Bigger isn’t always better…Why tank size matters

An important asset to any brewing operation is the array of tank space used during the manufacturing process. From mash tuns, to brew kettles, to fermentation vessels, a brewery’s ability to produce and maintain a diverse line of products can depend heavily on the types and sizes of tanks that it uses.

Here at Baxter, we house a number of different tanks…any visitor who has come to Baxter is immediately struck by the 6 large tanks that adorn the outside of our production facility (photo below) as well as the 3 smaller vessels in our Pub (photo below). All of these tanks are known as fermentation vessels (FVs) and are used to ferment and condition the beer prior to filtration, carbonation, and packaging. The outside tanks each hold 240 barrels (480 kegs) of liquid and are filled with beer brewed in our 30-barrel brew house. Those 240-barrels FVs tend to be filled with our most widely available beers. Stowaway, Ein Stein, Maine Lager, and our other flagship beers are brewed on this larger system. As far as brew-houses go, a 30-barrel brew house is a relatively large one for a craft brewery and with that larger throughput, allows us to attain efficiencies with labor and ingredients that would not otherwise be attainable on smaller systems. The downside to this large system is that it is difficult to brew smaller quantities on it.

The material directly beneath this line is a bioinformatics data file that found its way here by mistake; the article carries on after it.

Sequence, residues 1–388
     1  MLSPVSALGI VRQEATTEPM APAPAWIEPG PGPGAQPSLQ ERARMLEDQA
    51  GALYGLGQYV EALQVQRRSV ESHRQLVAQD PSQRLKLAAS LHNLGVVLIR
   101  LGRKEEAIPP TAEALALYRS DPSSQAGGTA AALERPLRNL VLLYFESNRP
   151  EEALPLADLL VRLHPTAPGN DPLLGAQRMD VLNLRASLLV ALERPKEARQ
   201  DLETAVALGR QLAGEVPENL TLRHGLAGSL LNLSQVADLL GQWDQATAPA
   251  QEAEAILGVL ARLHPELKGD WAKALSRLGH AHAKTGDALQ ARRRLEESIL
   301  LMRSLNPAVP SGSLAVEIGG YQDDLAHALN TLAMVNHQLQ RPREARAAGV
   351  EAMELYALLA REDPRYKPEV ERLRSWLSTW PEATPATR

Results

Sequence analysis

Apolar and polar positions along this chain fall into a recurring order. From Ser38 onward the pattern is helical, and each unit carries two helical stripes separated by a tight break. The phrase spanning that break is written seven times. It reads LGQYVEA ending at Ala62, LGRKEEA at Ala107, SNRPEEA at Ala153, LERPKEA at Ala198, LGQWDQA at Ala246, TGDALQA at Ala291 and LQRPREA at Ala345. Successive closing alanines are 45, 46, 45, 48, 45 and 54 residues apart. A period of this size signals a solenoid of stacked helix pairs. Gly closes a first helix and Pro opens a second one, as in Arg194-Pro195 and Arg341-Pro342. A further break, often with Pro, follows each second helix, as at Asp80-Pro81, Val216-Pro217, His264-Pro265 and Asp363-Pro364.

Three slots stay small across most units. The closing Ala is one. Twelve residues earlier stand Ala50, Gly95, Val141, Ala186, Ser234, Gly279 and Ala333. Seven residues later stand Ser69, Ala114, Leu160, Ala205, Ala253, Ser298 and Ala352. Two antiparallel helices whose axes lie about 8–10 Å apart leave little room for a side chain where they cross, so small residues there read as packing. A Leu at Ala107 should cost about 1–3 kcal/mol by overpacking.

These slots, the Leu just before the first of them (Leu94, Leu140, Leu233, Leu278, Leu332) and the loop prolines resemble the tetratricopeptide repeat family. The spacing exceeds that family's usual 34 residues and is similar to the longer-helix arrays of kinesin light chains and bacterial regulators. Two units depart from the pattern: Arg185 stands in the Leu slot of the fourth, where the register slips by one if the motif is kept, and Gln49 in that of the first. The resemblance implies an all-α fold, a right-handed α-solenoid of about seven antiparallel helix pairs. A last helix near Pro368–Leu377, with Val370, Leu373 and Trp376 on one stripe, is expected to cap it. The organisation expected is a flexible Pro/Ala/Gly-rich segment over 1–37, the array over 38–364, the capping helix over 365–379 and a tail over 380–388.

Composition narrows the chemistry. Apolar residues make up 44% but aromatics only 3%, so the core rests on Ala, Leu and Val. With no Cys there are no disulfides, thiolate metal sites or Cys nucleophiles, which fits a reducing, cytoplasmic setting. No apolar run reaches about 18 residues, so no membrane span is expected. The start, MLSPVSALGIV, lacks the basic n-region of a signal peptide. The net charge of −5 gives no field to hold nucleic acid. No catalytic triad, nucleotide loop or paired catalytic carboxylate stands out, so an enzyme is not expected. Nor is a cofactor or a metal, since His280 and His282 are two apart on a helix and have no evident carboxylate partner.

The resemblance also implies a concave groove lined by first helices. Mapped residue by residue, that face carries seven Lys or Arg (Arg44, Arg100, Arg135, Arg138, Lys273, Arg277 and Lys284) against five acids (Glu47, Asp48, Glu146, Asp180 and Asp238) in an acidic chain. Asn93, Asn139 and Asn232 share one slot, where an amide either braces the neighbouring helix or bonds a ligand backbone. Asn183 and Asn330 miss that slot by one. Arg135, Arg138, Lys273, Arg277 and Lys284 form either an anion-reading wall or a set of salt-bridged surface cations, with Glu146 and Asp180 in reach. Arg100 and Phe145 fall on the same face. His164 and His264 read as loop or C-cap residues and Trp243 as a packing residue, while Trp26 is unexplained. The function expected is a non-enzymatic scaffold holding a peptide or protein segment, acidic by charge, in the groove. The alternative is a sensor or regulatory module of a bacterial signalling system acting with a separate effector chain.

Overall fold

Enter the 7-barrel system…with the opening of our new Pub last fall, Baxter invested in a new 7-barrel brewhouse in order to satisfy the growing demand for small batch beers. With our 30-barrel brewhouse, the smallest denomination of beer that we can realistically brew is 30 barrels (or 60 kegs). Sometimes that is just too much beer! The 7-barrel system allows us to brew smaller batches, often with more specialty ingredients. These are often the beers that you see in The Pub that are not available in package, like our Hopped Sours, Agaverita, Strata Season, and our Project series . Additionally, the smaller system allows us to pilot beers that will eventually make their way onto the larger system. Fan favorites Innuendo, Dolce Mio, and Gopher It, all got their start on the 7-barrel, were perfected, and then graduated to the big system for distribution. The 7-barrel system allows us to experiment, take risks, and create specialty beers in limited quantities.

So you see, bigger isn’t always better.

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